(ii) Giving oneself up to self-mortification, the painful, unholy and unprofitable.

Having avoided these two extremes, the Perfect One has found out the Middle Path, which makes one both to see and to know, which leads to peace, to discernment, to enlightenment, to Nibbāna.
If one walks along the Middle Path ardently and steadfastly, one shall develop morality, mental concentration and insight knowledge into the psychophysical phenomena stage by stage until finally one attains the Path-wisdom (magga-ñāṇa) when one can understand the Four Noble Truths with direct knowledge. One then becomes a noble person called Ariyā.
{Ref: Khuddaka-Nikāya, Patisambhidā-magga, Dhammacakkapavattana sutta}

The Noble Eightfold Path is also called the Noble Threefold Training – the training of morality, the training of concentration, the training of wisdom. The eight factors of the Noble Eightfold Path can be classified as the Noble Threefold training as follows:

1.      Right Understanding
2.      Right Thought
III. Training of Wisdom
3.      Right Speech
4.      Right Action
5.      Right Livelihood
I. Training of Morality
6.      Right Effort
7.      Right Mindfulness
8.      Right Concentration
II. Training of Concentration

An initial minimum of Right Understanding is required at the very start, because some grasp of the facts of suffering, the cause of suffering, the cessation of suffering, and the path that leads to the cessation of suffering is necessary to provide convincing reasons, and an incentive, for a diligent practice of the Path. A measure of Right Understanding is also required for helping the other Path factors to fulfill intelligently and efficiently their individual functions in the common task of liberation. For that reasons, and to emphasize the importance of that factor, Right Understanding has been given the first place in the Noble Eightfold Path.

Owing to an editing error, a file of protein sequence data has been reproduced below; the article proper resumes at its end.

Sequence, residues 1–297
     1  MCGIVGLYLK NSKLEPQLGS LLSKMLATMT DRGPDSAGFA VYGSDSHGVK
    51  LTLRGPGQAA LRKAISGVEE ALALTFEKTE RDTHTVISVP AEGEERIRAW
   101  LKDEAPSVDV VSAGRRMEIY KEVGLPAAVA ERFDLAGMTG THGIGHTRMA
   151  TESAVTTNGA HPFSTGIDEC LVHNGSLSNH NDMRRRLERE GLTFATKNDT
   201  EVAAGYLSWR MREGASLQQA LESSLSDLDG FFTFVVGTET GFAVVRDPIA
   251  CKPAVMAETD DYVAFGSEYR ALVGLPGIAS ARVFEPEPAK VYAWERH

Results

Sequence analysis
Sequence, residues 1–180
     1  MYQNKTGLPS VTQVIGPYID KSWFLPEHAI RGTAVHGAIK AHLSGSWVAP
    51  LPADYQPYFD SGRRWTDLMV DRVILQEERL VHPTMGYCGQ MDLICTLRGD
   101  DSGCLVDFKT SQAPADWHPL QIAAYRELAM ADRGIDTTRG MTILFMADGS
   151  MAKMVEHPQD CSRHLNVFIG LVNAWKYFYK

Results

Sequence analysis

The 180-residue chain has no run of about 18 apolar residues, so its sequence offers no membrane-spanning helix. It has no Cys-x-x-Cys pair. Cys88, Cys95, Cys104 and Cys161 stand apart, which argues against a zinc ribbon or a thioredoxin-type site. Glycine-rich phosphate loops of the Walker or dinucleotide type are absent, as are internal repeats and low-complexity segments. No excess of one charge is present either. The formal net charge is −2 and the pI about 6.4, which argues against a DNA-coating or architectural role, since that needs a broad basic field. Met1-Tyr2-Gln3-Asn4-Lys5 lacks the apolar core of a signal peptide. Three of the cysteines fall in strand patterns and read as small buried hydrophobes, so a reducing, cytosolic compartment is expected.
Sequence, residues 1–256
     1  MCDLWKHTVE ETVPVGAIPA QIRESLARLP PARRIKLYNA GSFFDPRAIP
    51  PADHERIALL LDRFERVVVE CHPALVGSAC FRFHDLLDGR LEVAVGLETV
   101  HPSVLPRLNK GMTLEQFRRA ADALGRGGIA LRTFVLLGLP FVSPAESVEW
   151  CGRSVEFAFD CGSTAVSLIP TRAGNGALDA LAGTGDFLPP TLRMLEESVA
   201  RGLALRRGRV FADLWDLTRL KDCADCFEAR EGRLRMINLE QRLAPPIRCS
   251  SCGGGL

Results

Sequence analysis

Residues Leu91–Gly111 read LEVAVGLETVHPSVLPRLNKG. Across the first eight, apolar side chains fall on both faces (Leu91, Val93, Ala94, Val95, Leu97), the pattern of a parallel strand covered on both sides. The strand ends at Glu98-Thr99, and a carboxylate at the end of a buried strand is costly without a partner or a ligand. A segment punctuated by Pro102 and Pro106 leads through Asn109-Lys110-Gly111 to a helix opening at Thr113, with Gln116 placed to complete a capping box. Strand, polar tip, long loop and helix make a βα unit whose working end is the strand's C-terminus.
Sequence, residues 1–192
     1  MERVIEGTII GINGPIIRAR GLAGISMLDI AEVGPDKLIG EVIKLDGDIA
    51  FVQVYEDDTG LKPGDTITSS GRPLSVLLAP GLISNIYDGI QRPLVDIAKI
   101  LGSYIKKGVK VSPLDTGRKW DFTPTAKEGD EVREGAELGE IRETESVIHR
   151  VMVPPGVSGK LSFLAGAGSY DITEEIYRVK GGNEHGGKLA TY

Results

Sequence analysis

This initial understanding of the Dhamma, however, has to be gradually developed with the help of the other Path factors. In practice, the training or Morality is undertaken first, then the Training of Concentration, and finally the training of Wisdom, until the Right Understanding reaches the highest clarity of insight (Vipassanā), which is the immediate condition for entering the four Stages of Holiness and for attaining Nibbāna.
Right Understanding is therefore the beginning
As well as the culmination of the Noble Eightfold Path.
Free from pain and torture is this path,
Free from groaning and suffering; it is the perfect path.
(Majjhimanikāya, 139)

Truly like this path there in no other path to the purity of insight.
If you follow this path, you will put an end to suffering.
(Dhammapada 274+275)

But each one has to struggle for himself,
The Perfect Ones have only pointed out the way.
(Dhammapada 276)

The only Path that leads to the attainment of purity, to the overcoming of sorrow and lamentation, to the end of pain and grief, to the entering of the right Path, and to the realization of Nibbāna is the Noble Eightfold Path.
(Mahāsatipaṭṭhāna Sutta)


1.      What is the Right Understanding(sammā-diṭṭhi)?
a)      To understand suffering;
b)     To understand the origin of suffering;
c)      To understand the extinction of suffering;
d)     To understand the Path leading to the extinction of suffering.
This is called the Right Understanding. (Dīghanikāya 24)

However, we should develop “Right Understanding” in four stages as described below.
a) Kammassakata sammādiṭṭhi = Understanding Kamma and its result;
b) Jhāna sammādiṭṭhi               = Understanding mental absorptions by direct experience;
c) Vipassanā sammādiṭṭhi       = Understanding the psychophysical phenomena by insight;
d) Catusacca sammādiṭṭhi       = Understanding the Four Noble Truths.

2.      What is the Right Thought (sammā-saṅkappa)?